When her son Anthony was diagnosed with attention deficit hyperactivity
disorder (ADHD) at age 6, Mary Robertson quickly became an amateur travel agent
during his summer vacations.
She didn't have much of a choice. "One day Anthony came home hiding a
handsaw behind his back because he had sawed down a neighbor's tree to see how
old it was," recalls the oncology-nurse-turned-ADHD-patient-advocate. "I
realized pretty quickly that to stay at home and not have something planned was
not gonna work."
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Robertson's challenge is one all parents face, especially during the summer,
and doubly so for those who have kids with ADHD, a behavioral disorder that
affects about 2 million children in the United States, according to the
National Institute of Mental Health in Bethesda, Md.
ADHD is marked by inattention, impulsivity, and/or hyperactivity, which
means that children with the condition may act quickly without thinking; can't
seem to sit still; will walk, run, or climb around while others are seated; and
are easily sidetracked by what is going on around them. For these reasons, they
may have difficulty at home and school, and in forming and maintaining
relationships with their peers.
"During the summer, you have to have a plan. You can't just wake up in the
morning without an itinerary, or [ADHD kids] will figure out things to get
into," says the Lexington, Ky.-based mother of Anthony, now 20, and his sister
Samantha, 17, who both have been diagnosed with types of ADHD. "The best thing
you can do is to take them somewhere," she adds. "We have been to every park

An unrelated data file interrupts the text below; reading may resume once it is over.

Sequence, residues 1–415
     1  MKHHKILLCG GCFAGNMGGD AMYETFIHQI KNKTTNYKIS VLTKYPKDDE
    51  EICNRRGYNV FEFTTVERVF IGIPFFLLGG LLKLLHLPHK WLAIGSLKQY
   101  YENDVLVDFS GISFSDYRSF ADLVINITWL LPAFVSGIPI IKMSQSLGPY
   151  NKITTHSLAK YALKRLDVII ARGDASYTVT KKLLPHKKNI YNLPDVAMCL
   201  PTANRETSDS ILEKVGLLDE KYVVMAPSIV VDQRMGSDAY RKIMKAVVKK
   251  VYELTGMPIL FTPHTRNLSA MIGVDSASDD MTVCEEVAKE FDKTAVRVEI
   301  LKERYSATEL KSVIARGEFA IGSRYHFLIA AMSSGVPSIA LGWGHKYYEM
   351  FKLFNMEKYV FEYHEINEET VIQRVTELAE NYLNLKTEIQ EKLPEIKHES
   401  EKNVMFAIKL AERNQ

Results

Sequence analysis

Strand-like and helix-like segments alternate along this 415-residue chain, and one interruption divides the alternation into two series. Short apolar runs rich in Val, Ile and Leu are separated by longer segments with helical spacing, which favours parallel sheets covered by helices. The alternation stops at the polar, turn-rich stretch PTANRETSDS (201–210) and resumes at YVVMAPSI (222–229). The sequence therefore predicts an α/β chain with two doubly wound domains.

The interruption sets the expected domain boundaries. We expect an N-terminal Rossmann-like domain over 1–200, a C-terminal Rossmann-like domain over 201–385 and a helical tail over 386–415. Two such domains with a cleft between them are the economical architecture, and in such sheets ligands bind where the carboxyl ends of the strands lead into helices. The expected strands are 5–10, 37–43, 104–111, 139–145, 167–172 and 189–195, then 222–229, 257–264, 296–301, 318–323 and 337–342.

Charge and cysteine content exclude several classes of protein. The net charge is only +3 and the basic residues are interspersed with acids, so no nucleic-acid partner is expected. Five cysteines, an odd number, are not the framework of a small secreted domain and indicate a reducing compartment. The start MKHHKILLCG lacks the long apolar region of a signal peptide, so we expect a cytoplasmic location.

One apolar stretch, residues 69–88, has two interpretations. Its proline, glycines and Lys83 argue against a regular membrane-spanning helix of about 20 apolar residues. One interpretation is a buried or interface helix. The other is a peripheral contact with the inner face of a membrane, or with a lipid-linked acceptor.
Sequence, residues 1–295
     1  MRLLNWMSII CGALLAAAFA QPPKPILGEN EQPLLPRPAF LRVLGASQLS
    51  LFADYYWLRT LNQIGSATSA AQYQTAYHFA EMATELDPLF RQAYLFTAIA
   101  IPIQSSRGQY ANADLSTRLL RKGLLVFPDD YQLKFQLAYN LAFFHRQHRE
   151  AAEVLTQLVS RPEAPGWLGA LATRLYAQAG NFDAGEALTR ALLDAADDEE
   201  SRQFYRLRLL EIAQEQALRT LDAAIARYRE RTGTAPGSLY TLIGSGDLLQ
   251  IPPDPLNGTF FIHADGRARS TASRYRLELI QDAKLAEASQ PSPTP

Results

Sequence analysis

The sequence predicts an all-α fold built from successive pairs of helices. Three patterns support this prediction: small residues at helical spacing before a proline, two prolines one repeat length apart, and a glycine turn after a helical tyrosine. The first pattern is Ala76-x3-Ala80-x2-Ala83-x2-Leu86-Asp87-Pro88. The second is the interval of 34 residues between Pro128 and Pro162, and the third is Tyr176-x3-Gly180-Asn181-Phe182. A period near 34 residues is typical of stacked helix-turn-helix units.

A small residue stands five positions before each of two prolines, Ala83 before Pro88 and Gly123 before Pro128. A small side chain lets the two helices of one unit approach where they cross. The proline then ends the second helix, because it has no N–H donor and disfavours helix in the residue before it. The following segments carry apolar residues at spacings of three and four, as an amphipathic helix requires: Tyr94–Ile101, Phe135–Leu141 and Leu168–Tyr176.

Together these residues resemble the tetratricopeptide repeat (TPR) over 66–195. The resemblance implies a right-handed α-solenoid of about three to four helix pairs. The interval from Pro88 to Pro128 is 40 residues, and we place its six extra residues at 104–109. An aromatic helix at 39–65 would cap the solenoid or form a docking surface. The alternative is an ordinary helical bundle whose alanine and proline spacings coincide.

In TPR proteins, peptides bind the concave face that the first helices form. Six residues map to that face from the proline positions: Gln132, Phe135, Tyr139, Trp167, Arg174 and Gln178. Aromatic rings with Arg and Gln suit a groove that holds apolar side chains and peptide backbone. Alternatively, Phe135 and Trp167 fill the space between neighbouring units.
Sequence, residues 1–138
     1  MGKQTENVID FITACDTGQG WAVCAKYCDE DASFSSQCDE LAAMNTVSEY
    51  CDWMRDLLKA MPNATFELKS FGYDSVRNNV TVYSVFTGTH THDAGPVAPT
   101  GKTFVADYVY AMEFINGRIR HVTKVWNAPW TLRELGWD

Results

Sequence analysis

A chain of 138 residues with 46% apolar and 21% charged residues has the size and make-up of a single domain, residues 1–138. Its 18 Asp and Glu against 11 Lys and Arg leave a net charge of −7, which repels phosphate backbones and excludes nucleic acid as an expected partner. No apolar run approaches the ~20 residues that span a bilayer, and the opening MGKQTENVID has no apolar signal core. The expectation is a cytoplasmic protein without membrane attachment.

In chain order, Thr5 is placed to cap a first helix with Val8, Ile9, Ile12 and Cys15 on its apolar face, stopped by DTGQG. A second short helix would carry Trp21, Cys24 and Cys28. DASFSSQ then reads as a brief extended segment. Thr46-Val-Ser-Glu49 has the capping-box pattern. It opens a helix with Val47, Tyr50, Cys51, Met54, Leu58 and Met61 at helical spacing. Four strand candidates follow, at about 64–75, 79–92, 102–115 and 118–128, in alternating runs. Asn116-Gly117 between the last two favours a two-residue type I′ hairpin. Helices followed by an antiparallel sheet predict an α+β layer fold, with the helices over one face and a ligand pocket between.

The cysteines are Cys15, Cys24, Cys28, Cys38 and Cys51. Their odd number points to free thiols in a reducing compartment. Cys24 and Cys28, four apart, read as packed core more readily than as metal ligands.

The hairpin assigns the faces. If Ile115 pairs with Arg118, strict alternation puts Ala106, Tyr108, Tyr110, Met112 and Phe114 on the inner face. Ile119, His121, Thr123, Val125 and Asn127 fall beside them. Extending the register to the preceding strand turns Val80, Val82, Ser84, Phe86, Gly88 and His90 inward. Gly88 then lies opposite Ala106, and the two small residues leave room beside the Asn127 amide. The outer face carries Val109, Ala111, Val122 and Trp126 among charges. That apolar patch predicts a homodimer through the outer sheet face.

that there is. My son's kindergarten teacher even complimented me on the fact
that Anthony was so worldly."
ADHD Summer Tip 1: Stress Structure
"If children with ADHD don't have a structured day or week, they can get
into trouble because they may try to create stimulation for themselves in a way
that might result in mischief," says Karen Fleiss, PsyD, co-director of the New
York University Summer Program for Kids and an assistant professor of clinical
psychiatry at New York University in New York City. "Kids with ADHD can be
sensation-seeking, careless, and more impulsive than children without this
Left on their own, "they may say 'Let's bake' and then get distracted,
forget about it, and go outside and play," Fleiss adds. The result? You guessed
it: a four-alarm fire.
Marshall Teitelbaum, MD, a child, adolescent, and adult psychiatrist in
private practice in Palm Beach, Fla., agrees. "Kids with ADHD are more likely
to get hurt over the summer than during the regular school year. There are a
lot more accidents if a child is distracted or impulsive."
Adds Stephen Grcevich, MD, a child and adolescent psychiatrist at Case
Western Reserve School of Medicine in Cleveland: "They misjudge time,
procrastinate, and test limits more."
That's why a regular routine is so important. "Kids with ADHD are a little
less able than kids without ADHD to structure themselves, so they need a little
more external support," says Joel L. Young, MD, a psychiatrist in Rochester
Hills, Mich., and the founder and medical director of the Rochester Center for